that the sharp drop in the pound was helping export orders,


boosting UK manufacturing. I think Project Fear actually


looks quite ludicrous. Because a lot of the very lurid


claims that we had from August bodies like the Treasury or the Bank


of England or the IMF or the OECD, they're all coming up with all kinds


of weird and wonderful predictions of calamity,


based on their economic models. Which were broadly


bogus, in my opinion. The weaker pound may


also be helping. There was a near 20%


increase in tourism in July. Well, lo and behold,


tourists don't walk around So all the data from outfits


like Visa or people who sell Swiss watches or luxury items,


we've got a tourist boom going on. I don't think it's a one-month


wonder. Forecasts for UK growth


have been slashed. Confidence took a hit


after the vote. And surveys of business activity


plummeted to the lowest That rattled the Bank of England


enough to unveil an aggressive package of measures


to boost the economy. An overreaction, or is the bank,


like others, waiting for important I think the really key area


where heightened uncertainty after this vote is going to affect


the UK is business investment. It's in house-building,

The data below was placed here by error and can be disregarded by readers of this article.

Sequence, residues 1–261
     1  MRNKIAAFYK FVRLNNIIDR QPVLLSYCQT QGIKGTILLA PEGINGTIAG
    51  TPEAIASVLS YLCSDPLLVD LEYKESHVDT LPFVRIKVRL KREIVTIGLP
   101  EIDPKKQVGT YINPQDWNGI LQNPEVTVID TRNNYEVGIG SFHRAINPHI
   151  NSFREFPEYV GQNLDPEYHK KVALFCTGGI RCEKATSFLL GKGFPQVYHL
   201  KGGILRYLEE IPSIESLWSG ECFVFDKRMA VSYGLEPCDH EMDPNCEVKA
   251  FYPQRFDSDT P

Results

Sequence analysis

it's in construction. And we don't have any


hard data on that yet. We're not going to get


it until next month. But that, for me, is going


to be really important. What happens to the construction


sector, especially, what happens We're talking into the autumn


for that. The trouble is that this early data


is inevitably ambiguous. Does one strong month of retail


sales reflect robust consumer confidence,


or just some sunny weather? The risk of an acute economic shock


seems to have passed. But whether it's slow burn damage


is being done to the UK That might depend on the longer term


effects of a weak pound. Do rising prices start to hurt


people's spending power? It also relies on what


the Government does next. Peak risk sits probably six to 12


months after the the The reason I say that is in


the short term, the quick action by the Bank of England


and the collapse in sterling has provided a bit of a stimulus


to the UK economy. But once you start to get a specific


steer from the Government, what type of Brexit it will pursue,


you move towards a situation where firms are making clear


decisions on their future and some of the trade-offs that inevitably


come from withdrawing from the European Union,